Insurance intermediaries in Ireland, including general insurance brokers, are no longer to be self-regulated because the industry has failed consumers.
New insurance legislation will transfer the minimal regulation function held by a government department to the Central Bank, the equivalent body to the Bank of England. It will also enable the Irish Government to introduce more wide-reaching disclosure requirements.
The move has been welcomed by broker representative bodies anxious to instil greater levels of public confidence in an industry. Though cases of wrongdoing are relatively few, those that do occur invariably receive national media attention.
The insurance ombudsman scheme, set up by insurance companies and which brokers are not members of, was the subject of a very public row two years ago.
The government minister behind the move, Noel Treacy, said his decision was prompted by "increasing convergence between insurance and investment with both often available from the same intermediary."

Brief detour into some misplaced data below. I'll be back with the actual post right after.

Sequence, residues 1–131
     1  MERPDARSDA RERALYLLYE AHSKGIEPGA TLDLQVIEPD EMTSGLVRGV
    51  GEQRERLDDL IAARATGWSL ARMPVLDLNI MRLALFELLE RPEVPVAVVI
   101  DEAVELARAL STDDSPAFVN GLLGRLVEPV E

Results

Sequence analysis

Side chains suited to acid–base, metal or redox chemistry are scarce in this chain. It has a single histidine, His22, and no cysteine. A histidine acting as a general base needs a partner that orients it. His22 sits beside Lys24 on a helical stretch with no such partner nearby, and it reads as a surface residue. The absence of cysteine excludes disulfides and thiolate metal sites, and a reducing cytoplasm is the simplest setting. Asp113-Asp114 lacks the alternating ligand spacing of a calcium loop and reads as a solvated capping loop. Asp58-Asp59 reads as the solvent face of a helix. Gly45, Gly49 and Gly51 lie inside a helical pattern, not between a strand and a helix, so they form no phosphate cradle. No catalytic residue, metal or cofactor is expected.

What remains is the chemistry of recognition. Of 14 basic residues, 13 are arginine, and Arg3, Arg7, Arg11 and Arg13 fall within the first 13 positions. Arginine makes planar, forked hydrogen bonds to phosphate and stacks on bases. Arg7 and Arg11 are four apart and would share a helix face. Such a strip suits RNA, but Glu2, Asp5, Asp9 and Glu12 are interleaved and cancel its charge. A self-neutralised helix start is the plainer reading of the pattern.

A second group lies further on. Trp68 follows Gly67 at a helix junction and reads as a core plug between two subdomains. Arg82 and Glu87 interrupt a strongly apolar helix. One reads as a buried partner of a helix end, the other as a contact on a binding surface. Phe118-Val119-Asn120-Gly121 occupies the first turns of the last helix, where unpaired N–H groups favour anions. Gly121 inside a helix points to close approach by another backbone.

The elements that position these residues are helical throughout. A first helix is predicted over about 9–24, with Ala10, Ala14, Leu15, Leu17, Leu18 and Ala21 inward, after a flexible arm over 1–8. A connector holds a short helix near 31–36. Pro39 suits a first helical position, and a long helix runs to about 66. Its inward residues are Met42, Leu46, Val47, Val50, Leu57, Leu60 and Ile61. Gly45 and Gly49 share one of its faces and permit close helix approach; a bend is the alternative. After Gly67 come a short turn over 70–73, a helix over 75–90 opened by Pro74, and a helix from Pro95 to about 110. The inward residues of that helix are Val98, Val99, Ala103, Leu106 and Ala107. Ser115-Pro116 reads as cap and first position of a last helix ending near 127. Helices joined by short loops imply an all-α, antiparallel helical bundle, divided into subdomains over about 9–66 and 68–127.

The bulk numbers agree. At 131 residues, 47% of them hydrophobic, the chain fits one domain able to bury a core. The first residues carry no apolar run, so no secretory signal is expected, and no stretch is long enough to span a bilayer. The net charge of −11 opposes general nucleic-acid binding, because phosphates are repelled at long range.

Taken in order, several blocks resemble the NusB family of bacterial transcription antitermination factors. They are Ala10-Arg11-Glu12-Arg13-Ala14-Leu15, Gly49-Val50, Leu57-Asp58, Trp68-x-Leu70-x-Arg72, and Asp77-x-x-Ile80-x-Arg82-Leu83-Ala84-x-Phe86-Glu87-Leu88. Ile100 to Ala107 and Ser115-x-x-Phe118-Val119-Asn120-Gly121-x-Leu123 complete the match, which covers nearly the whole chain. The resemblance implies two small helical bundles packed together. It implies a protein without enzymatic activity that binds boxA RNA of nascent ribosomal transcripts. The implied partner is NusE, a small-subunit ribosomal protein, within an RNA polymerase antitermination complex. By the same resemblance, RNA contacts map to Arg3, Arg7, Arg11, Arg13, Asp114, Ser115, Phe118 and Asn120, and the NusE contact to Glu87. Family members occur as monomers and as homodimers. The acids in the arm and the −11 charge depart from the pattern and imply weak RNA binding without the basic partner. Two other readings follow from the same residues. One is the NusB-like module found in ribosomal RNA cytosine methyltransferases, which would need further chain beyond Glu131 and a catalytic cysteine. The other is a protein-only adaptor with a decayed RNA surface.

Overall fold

He said: "It is essential that vendors of insurance and investment services are regulated by the same regulator if we are to avoid disparity in the regulatory system," he said.
But he criticised the insurance industry's record with the public in relation to disclosure requirements. "It is clear that adequate information is not being provided to enable consumers to make rational and considered choices in relation to the purchase of insurance products," he said.
The new disclosure regime aims to simplify the presentation of insurance products; minimise the scope of mis-selling; ensure greater transparency of charges and expenses and give greater powers of enforcement.